Quantum Mechanics describes the behaviour of matter on sub-microscopic scales, and together with Relativity, is one of the two foundations of "modern" physics. Quantum systems are often described as having both "wave-like" and "particle-like" aspects to their behaviour, and are famous for producing results which defy "common sense" intuition based on observations at everyday scales. We will discuss the Schrodinger Equation and some of its applications as well as the concept of a wavefunction. We will illustrate some of the "non-intuitive" behaviour of quantum systems, show how it arises, and how in the limit of large energies, it tends towards classical behaviour. We will discuss "operators", the Uncertainty Principle and will introduce the quantum treatment of angular momentum as well as electron spin. We will consider how to write a wavefunction describing a pair of electrons, and show how the existence of complex chemistry, and thus of life, depends on the answer. And we'll also discuss what Schrodinger really meant with that business about the cat...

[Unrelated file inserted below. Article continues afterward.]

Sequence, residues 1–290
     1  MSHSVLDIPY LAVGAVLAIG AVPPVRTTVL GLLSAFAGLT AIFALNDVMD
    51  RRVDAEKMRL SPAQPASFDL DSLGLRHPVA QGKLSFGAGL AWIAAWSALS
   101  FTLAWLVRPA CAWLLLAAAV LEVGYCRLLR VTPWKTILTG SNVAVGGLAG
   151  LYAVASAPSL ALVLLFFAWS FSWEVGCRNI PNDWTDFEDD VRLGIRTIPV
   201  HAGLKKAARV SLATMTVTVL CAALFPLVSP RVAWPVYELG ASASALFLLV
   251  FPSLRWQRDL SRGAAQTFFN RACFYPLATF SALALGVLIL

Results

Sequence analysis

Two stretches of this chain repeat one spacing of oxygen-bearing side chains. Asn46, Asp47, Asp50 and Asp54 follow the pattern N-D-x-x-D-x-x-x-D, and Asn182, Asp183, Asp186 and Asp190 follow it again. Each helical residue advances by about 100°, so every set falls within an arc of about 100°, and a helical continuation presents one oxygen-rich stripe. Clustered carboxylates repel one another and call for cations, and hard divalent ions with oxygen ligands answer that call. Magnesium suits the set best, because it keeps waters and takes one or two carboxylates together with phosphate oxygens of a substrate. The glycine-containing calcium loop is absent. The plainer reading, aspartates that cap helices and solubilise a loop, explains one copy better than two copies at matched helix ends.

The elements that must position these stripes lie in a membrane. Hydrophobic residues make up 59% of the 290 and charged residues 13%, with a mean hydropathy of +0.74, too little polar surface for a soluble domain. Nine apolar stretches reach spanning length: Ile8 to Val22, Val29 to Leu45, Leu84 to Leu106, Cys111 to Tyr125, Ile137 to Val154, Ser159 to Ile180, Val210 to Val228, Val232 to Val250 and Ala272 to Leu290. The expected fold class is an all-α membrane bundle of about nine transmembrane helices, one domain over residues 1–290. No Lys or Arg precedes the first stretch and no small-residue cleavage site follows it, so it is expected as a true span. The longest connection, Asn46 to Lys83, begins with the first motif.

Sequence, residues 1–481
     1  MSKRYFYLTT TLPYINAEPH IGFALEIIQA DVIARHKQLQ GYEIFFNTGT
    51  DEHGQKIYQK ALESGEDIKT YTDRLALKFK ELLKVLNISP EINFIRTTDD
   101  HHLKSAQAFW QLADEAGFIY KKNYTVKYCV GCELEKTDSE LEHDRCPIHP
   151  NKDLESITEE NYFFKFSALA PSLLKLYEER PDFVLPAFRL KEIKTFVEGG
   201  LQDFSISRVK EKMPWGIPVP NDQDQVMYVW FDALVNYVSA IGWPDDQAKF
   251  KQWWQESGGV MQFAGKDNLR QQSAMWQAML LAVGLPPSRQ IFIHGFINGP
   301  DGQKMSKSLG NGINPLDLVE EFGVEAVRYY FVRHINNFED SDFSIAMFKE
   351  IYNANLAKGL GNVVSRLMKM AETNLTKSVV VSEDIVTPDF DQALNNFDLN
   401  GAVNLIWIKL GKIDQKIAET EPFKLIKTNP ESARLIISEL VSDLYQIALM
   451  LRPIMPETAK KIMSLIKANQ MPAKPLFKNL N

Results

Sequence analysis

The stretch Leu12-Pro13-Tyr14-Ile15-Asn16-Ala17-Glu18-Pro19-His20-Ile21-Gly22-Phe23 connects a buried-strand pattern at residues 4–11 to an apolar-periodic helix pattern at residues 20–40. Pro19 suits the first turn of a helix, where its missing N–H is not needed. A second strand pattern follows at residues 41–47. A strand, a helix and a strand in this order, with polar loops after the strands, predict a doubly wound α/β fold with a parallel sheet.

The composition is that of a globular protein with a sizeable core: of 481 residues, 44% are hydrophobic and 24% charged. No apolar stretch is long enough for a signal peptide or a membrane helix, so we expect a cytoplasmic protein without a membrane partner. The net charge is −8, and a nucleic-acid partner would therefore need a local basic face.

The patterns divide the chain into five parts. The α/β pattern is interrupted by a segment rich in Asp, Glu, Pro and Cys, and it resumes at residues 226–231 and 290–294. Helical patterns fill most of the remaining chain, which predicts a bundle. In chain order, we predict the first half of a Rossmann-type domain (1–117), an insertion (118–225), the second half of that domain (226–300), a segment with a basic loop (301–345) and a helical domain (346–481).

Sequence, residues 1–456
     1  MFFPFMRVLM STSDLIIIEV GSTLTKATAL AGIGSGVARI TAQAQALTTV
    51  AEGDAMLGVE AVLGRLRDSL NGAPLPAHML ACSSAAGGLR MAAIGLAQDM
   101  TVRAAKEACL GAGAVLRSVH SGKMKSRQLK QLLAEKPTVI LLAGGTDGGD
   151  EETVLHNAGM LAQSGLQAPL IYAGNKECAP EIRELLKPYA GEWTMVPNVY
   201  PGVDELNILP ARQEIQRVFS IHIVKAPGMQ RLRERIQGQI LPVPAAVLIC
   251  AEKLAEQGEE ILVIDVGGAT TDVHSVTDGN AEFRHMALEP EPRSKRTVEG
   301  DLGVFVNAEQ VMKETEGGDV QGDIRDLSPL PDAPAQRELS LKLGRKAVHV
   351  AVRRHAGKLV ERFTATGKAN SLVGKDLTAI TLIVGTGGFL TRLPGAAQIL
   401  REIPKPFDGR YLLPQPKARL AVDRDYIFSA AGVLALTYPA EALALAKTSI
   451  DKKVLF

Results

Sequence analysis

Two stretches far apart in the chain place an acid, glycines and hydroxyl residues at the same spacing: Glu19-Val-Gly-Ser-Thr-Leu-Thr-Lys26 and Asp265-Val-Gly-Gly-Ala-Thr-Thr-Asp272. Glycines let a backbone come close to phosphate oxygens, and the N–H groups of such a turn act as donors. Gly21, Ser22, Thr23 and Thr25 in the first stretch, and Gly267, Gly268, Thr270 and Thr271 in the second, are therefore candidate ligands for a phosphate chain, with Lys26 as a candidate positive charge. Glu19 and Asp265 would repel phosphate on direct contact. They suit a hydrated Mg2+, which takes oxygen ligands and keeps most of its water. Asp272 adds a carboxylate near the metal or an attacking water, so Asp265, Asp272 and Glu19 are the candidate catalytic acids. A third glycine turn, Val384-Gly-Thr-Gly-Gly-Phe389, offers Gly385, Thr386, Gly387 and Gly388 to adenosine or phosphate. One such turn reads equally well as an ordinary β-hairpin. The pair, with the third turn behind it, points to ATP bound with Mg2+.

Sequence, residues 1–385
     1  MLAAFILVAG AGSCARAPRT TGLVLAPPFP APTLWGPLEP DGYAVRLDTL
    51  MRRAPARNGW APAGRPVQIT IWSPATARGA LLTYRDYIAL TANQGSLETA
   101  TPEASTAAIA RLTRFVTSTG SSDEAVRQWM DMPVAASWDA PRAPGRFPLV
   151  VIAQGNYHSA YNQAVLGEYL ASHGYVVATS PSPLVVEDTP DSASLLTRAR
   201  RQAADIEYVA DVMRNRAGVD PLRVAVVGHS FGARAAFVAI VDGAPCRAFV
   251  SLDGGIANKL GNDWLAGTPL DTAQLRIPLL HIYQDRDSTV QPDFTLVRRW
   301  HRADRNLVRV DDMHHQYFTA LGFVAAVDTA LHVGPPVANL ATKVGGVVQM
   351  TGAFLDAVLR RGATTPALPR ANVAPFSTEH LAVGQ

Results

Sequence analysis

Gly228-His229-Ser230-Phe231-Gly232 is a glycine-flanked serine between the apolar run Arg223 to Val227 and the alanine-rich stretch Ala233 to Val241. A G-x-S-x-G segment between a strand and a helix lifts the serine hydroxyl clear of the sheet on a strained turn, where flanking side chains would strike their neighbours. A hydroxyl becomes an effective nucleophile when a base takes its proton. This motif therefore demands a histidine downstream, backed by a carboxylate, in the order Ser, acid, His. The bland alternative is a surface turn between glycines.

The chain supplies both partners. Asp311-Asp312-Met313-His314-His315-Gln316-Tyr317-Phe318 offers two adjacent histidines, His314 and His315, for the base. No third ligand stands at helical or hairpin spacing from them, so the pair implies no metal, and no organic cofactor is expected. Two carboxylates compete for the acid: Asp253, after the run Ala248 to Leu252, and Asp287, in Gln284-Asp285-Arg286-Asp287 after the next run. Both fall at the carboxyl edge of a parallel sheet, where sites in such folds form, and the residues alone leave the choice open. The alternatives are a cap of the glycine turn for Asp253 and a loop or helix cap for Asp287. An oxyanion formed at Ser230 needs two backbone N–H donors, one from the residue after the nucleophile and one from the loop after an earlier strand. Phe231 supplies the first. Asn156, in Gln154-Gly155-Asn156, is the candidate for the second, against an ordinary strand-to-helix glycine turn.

Learning Outcomes

By the end of the module students should be able to:

Perform approximate calculations using the de Broglie relation and the Heisenburg Uncertainty Principle

Normalise a wavefunction

Use wavefunctions to calculate expectation values and the probabilities of different outcomes of measurements

Show how measurement changes the wavefunction

Be familiar with the use of Hermitian operators to represent physical quantities in quantum mechanics and the properties of their eigenvalues and eigenfunctions

Explain the physical significance of each element of an eigenvalue equation

Be familiar with the time-dependent and time-independent Schrodinger equations

Solve the time-independent Schrodinger equation for simple 1-D and 2-D potential problems

Describe the main features of the solutions for a range of problems

Evaluate the commutator of two operators and explain its physical significance

Be aware of how the Pauli exclusion principle arises and be able to apply it to multi-electron systems

Describe the properties of angular momentum in quantum mechanics

Relate the quantum number of atomic electrons to physical variables and know how their different values are related

Explain why the concept of electron spin is required to explain experimental observations